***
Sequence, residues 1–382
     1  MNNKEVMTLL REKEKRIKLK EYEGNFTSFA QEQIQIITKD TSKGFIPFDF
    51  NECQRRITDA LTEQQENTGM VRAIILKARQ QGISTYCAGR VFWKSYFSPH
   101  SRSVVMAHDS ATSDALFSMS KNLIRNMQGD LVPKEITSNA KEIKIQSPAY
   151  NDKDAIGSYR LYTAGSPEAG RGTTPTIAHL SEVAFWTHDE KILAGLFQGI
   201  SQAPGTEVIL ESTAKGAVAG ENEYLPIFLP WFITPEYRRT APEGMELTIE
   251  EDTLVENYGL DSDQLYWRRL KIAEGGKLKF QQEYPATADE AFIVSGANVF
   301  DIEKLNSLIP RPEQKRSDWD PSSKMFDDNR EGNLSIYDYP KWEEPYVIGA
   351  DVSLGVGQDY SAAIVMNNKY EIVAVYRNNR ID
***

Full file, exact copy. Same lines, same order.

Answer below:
Sequence, residues 1–382
     1  MNNKEVMTLL REKEKRIKLK EYEGNFTSFA QEQIQIITKD TSKGFIPFDF
    51  NECQRRITDA LTEQQENTGM VRAIILKARQ QGISTYCAGR VFWKSYFSPH
   101  SRSVVMAHDS ATSDALFSMS KNLIRNMQGD LVPKEITSNA KEIKIQSPAY
   151  NDKDAIGSYR LYTAGSPEAG RGTTPTIAHL SEVAFWTHDE KILAGLFQGI
   201  SQAPGTEVIL ESTAKGAVAG ENEYLPIFLP WFITPEYRRT APEGMELTIE
   251  EDTLVENYGL DSDQLYWRRL KIAEGGKLKF QQEYPATADE AFIVSGANVF
   301  DIEKLNSLIP RPEQKRSDWD PSSKMFDDNR EGNLSIYDYP KWEEPYVIGA
   351  DVSLGVGQDY SAAIVMNNKY EIVAVYRNNR ID